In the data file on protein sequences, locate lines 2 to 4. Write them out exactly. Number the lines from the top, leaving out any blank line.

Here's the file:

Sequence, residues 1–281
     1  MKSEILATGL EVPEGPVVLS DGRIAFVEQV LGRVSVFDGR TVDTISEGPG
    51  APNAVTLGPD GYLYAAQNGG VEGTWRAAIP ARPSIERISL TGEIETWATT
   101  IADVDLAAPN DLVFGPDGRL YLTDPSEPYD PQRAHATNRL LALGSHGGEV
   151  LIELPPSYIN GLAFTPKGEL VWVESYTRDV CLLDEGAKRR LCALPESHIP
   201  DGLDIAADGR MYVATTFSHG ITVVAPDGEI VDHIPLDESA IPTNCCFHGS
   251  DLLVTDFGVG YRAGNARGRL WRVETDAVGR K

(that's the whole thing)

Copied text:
     1  MKSEILATGL EVPEGPVVLS DGRIAFVEQV LGRVSVFDGR TVDTISEGPG
    51  APNAVTLGPD GYLYAAQNGG VEGTWRAAIP ARPSIERISL TGEIETWATT
   101  IADVDLAAPN DLVFGPDGRL YLTDPSEPYD PQRAHATNRL LALGSHGGEV